column by: Terry Weiland

    The first documented use of the term “sniper” to describe a lone rifleman, picking off the enemy at long range with carefully aimed shots, occurred in a dispatch by the young Winston Churchill in 1897 describing military actions in Malakand, near the Khyber Pass. Churchill, a lieutenant in the 4th Queen’s Own Hussars, was on leave from his regiment to cover the war for the Daily Telegraph. In his dispatches, he described the actions of enemy tribesmen who hid themselves on steep hillsides and “sniped” at the columns of British soldiers. ...Read More >

     

    Al Biesen .270 Winchester

    Not Just Another Custom Mauser
    feature by: Terry Weiland

    Since 1945, tens of thousands of Mauser 98s have been sporterized, customized and otherwise turned into hunting rifles in America. The term “custom” is a vague appellation that can refer to any alteration carried out by anyone, regardless of skill. These range in quality from utilitarian conversions by a guy in a garage to superb examples of the gunmaker’s art. ...Read More >

     

    Browning X-Bolt Hell's Canyon Speed

    Testing a 7mm Remington Magnum in the Elk Woods
    feature by: John Haviland

    Since Browning introduced its X-Bolt in 2008, the bolt action has become the company’s flagship rifle with 29 current variations listed in its catalog. The Hell’s Canyon Speed is one of the newest X-Bolt rifles and was named after Hell’s Canyon on the border of eastern Oregon and western Idaho to imply rugged and tough hunting conditions and play off its apparel line of the same name. The Speed is a pure hunting rifle chambered in 11 cartridges from .243 Winchester and 6.5 Creedmoor to the .26 Nosler and .300 Winchester Magnum. ...Read More >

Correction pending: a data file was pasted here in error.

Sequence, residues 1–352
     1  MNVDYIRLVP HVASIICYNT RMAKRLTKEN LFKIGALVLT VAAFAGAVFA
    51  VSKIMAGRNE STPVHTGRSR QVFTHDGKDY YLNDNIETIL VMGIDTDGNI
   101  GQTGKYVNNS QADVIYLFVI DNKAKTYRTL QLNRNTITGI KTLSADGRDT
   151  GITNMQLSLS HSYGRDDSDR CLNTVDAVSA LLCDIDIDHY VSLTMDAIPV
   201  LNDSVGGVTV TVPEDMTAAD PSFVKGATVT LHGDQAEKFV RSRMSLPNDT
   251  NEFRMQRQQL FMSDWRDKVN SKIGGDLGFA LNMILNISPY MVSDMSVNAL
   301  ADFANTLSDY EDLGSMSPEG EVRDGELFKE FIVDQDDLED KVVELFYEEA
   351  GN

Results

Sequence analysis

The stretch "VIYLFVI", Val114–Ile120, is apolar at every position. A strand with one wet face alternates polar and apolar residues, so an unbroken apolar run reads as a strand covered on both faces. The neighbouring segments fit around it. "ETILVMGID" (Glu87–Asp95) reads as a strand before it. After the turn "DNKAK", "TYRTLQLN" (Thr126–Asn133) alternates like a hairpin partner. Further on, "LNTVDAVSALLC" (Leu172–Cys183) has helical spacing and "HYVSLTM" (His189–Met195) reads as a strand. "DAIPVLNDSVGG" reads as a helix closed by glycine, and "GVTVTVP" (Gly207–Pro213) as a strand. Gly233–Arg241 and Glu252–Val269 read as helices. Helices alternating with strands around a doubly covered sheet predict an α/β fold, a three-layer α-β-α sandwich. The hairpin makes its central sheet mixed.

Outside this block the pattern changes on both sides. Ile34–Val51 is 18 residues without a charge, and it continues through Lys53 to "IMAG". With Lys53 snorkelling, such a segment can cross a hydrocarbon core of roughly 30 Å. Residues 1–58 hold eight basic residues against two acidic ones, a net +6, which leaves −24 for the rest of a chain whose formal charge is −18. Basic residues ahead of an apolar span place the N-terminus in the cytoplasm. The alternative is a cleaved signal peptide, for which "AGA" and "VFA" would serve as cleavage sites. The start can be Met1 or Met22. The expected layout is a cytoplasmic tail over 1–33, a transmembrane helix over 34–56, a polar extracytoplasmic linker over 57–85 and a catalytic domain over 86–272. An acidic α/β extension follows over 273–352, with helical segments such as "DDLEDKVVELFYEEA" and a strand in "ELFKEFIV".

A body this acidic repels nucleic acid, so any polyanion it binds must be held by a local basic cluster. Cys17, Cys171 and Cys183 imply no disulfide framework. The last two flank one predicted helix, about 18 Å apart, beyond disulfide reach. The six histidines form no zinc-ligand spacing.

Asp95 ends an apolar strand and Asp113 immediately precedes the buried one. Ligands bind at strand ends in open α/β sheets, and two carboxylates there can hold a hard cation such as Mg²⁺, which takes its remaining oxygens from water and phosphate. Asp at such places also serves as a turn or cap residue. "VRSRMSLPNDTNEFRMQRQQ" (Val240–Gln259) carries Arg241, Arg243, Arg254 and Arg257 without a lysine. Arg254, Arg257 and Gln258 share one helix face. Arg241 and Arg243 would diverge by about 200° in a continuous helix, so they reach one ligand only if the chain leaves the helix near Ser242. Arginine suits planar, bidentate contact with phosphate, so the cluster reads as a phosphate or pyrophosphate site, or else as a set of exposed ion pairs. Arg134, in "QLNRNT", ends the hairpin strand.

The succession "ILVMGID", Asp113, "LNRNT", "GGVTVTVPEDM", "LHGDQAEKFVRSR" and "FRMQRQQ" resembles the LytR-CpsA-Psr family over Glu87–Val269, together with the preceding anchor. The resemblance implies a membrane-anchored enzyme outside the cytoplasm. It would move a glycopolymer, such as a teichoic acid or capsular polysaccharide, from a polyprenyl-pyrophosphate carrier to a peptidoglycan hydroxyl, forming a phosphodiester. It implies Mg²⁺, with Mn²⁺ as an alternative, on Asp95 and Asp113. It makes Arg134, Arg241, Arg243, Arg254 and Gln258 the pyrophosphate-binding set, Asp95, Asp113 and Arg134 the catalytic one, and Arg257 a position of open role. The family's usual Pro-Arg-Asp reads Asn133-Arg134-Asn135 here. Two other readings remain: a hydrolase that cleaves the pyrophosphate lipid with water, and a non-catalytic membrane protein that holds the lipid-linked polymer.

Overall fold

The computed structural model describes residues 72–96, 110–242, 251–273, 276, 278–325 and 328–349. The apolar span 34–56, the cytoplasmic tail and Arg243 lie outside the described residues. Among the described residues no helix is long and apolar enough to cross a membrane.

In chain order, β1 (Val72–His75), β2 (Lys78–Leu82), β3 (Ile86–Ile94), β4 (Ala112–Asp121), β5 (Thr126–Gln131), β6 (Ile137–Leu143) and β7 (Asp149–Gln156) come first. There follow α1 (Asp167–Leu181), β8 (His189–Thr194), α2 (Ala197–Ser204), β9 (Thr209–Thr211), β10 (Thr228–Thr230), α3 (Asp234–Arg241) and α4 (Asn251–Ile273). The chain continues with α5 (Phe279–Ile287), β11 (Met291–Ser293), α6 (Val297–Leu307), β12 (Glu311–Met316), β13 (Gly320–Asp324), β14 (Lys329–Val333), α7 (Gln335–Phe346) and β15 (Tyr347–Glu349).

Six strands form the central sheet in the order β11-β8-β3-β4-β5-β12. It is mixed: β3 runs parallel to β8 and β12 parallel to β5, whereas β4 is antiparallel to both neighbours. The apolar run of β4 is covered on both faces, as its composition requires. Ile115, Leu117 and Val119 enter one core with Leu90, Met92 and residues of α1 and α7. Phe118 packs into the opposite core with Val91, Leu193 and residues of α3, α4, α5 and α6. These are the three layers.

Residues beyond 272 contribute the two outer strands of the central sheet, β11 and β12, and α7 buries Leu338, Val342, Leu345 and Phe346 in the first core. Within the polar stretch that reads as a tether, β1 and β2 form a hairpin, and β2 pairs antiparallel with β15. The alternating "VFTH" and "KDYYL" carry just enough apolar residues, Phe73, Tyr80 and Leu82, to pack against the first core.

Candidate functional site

Reboring Rifle Barrels

    An Overlooked Option for Tired Lands and Grooves
    feature by: John Barsness

    Rifled barrels appeared in what is now named Germany in the early 1500s. The first rifling was straight, apparently designed to accommodate black-powder fouling, so barrels could be fired more times without cleaning. Soon shooters discovered that spiral grooves increased accuracy by spinning bullets through the air. ...Read More >

     

    .33 Nosler

    An Early Look at the Newest .338
    feature by: Brian Pearce

    In 2014 Nosler introduced the flat-shooting .26 Nosler, following it up in 2015 with the .28 Nosler (7mm) that was based on the .26 case but necked accordingly. In 2016 the .30 Nosler was announced, and the latest cartridge to join the Nosler line is the .33 Nosler. It is purely a big-game hunting cartridge that utilizes .338-inch bullets. Like other Nosler cartridges, the case is based loosely on the beltless .404 Jeffery case, which offers magnum capacity and performance. The Nosler case, however, is strengthened, and like other Nosler cartridges, it is designed with an overall length that allows it to function in standard .30-06 length actions. ...Read More >

     

    Cooper Model 92 Backcountry

    A New Lightweight .30-06 from Montana
    feature by: Stan Trzoniec

    With tighter restrictions in some areas, and the lack of open space in others, some hunters are being forced to find their game elsewhere. Longer treks require lighter rifles, and to this end, Cooper Firearms has introduced its new Model 92 Backcountry bolt rifle. Checking in under six pounds without a scope, rings or ammunition, this rifle has all the features that shave it to the bone in overall weight. ...Read More >

     

    Product Tests

    Monatana X-treme Gun Cleaning Products
    whatsnew by: Charles E. Petty

    It isn’t exactly a secret that guns are cleaned at Charlie’s house only when they really need it, and generally that’s not too often. The notion that a firearm must be cleaned every time you shoot it was doubtless proposed and endorsed by those who sell such products. ...Read More >

    Wolfe Publishing Group